When I’d just started on TinyLetter in 2018, my prose was frequently birthed in the early hours of the morning, because I liked to remind myself that honesty is best nurtured in quietude. Each letter was an attempt to untangle my knots of emotions and thoughts, with the goal of producing something I could actually hold. I intended for TinyLetter to be a mode of self-exploration, but somewhere between that desire and the rise of my subscriber count, it instead evolved into a never-ending performance. Prioritizing my audience, I mostly wrote to get their praise in return.

And even when sending out letters floated my fear of my subscribers’ opinions to the back of my mind, it was replaced instead with a fear of producing clutter — something that was already said, or that didn’t need to be said.

The author's personal journal. Photo courtesy of TICIA ALMAZAN

The value of personal writing really crystallized for me when I fell into that rabbit hole of mindlessly subscribing to other people’s letters in the middle of the pandemic. The more I engaged with that kind of text, the more I grew appreciative of the writer’s insistence on her individuality. When one embraces her uniqueness, she becomes more attentive to the motions that inspire and inform the ways she digests the world; she deepens her relationship with herself and those around her. In the best times, one’s individuality can even illuminate that of another. I know this is true because that’s exactly what those Substack writers did for me.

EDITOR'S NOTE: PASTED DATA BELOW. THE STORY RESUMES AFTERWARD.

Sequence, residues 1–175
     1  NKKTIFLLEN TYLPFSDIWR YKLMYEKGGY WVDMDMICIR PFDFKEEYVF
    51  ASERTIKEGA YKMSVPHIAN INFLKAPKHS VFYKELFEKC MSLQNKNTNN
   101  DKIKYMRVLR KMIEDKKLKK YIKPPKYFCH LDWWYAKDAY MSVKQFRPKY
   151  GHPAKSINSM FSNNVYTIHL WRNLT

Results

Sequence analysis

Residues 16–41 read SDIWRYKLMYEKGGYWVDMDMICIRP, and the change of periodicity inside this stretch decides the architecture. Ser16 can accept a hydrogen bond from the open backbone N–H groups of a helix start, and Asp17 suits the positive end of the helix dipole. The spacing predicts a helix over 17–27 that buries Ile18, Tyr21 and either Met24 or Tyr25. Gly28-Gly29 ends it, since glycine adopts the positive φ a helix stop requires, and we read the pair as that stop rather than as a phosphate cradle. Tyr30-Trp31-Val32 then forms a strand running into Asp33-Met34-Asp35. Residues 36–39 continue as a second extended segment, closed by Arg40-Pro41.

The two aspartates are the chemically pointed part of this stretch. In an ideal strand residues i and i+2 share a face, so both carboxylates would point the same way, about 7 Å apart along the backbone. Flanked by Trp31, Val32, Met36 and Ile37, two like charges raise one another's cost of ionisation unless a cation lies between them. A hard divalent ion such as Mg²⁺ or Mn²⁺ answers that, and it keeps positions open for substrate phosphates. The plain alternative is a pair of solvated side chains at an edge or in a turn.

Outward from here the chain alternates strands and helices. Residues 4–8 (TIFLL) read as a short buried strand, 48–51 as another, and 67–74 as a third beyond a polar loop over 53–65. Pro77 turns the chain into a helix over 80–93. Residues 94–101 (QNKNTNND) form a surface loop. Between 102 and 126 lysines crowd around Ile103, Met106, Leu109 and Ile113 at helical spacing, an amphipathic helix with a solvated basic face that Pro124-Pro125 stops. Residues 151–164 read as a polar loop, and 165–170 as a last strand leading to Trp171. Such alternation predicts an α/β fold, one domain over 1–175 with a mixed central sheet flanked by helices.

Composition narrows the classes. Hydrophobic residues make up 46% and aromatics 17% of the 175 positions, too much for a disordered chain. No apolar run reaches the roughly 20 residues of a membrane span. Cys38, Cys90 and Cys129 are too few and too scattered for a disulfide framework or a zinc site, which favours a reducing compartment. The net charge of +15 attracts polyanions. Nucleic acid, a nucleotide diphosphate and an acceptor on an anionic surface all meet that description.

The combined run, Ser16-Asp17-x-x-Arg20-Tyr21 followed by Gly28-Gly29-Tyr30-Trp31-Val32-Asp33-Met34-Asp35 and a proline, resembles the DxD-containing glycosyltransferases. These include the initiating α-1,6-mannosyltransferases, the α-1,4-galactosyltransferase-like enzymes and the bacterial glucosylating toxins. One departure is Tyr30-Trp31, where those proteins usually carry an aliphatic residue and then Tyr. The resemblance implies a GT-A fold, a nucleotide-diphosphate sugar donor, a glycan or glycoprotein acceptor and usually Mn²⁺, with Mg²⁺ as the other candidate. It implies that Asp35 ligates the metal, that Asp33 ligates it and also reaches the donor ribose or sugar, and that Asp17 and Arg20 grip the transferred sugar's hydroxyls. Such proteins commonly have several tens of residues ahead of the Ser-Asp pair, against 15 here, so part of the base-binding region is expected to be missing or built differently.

These thoughts sat with me when I decided to migrate to Substack in early 2020. Even before switching, I already intended to adopt a more instinctive approach to my letters. The journey of course was nonlinear as ever, peppered with false starts, messy drafts, and endless back-and-forths. But at some point it just started to feel very organic, the act of collecting information (intimacies) from various sources (heart, mind, memory). When I click Send now, what comforts me is knowing that the act of delivering a letter to multiple inboxes, which I imagine happening one by one, is simultaneously an act of letting go.

I still love to write, but a goal of mine is to also read at least one letter a day. I know it sounds relatively easy, but reading is still an act of receiving, and receiving is an act of bearing weight, in multiple capacities. Each letter feels like a celebration and critique of modern life and its everyday complexities. They remind me that no matter how perfunctory these days get, someone, somewhere, is coming to a new conclusion.